Part of the problem is the offense. The unit is getting a monster season from rookie running back Josh Jacobs (1,150 rushing yards, seven touchdowns), and quarterback Derek Carr has completed 70 percent of his passes. Only two wideouts, however, are among the team's top seven receiving leaders. None has hit the 600-yard mark, and tight end Darren Waller leads the Raiders in that category. 

    Oakland's need for a No. 1 wideout seems obvious. Guys like A.J. Green, Amari Cooper and Emmanuel Sanders will be free agents this offseason, for starters, so it seems like a good time for the squad to make an upgrade. 

Los Angeles Rams: Revamp the Offensive Line

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    Roger Steinman/Associated Press

    Given the torrid play of the offensive line in front of Jared Goff, it's hard to determine whether the NFL has just figured out head coach Sean McVay and the 8-6 Los Angeles Rams.

    The fourth-year quarterback has only thrown 17 touchdowns against 15 interceptions, but he's been hurried 40 times with 42 hits and 21 sacks.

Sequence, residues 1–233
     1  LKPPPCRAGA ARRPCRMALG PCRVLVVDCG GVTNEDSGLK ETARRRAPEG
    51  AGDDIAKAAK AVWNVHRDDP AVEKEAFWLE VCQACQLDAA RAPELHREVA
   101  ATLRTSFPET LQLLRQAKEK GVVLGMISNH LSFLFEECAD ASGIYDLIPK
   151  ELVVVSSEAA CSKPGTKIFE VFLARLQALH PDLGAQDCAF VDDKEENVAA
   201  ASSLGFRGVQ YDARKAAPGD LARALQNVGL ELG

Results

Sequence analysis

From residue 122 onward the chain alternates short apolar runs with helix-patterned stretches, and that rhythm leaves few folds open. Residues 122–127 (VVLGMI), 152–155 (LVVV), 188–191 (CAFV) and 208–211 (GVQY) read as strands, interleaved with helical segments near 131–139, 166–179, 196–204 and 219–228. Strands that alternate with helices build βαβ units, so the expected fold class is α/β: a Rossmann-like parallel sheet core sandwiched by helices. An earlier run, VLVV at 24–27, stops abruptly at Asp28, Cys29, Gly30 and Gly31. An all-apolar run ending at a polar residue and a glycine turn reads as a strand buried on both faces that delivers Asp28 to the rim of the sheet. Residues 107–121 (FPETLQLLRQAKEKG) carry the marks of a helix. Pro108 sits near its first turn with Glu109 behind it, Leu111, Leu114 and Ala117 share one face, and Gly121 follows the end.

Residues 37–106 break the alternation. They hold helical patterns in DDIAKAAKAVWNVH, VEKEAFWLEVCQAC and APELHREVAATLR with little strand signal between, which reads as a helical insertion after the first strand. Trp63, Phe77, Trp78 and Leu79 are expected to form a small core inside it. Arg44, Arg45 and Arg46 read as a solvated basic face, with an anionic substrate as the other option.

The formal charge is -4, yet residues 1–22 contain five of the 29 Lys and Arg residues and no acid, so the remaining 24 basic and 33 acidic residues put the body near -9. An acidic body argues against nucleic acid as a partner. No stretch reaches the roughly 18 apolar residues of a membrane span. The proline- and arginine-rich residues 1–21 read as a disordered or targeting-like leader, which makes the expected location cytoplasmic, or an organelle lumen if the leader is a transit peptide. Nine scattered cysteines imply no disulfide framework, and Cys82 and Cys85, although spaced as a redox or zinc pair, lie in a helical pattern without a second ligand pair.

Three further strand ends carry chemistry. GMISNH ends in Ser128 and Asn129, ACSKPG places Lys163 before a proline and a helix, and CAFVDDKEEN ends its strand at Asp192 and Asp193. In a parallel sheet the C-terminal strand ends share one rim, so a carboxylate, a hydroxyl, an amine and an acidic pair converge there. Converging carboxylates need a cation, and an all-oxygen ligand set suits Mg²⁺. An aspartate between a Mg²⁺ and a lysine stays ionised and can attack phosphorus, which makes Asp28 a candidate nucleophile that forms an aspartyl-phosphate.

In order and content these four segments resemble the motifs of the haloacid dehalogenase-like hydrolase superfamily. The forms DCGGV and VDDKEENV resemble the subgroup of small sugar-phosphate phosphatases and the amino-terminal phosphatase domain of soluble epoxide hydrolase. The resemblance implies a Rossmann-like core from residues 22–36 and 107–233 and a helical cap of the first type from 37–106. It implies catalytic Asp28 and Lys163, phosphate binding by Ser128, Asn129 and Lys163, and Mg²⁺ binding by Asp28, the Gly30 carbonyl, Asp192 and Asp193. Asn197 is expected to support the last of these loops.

Guard Austin Corbett (acquired in October) has a 52.6 grade at PFF. Center Austin Blythe has a 46.2. Guard David Edwards has a 56.5, and tackle Rob Havenstein has allowed five sacks with a 50.9 rating.

    This is only one grading mechanism to illustrate how the Rams have a serious issue in the trenches. And while the issues are broader than a single position, sometimes installing a massive upgrade creates a positive ripple effect. Landing a Brandon Scherff in free agency, for example, could help boost the flanking center and tackle positions. 

    The Rams can't make a meaningful evaluation of the offense or Goff and figure out how to fix things until the line gets a boost from a free agent or a rookie, if not a combination of the two.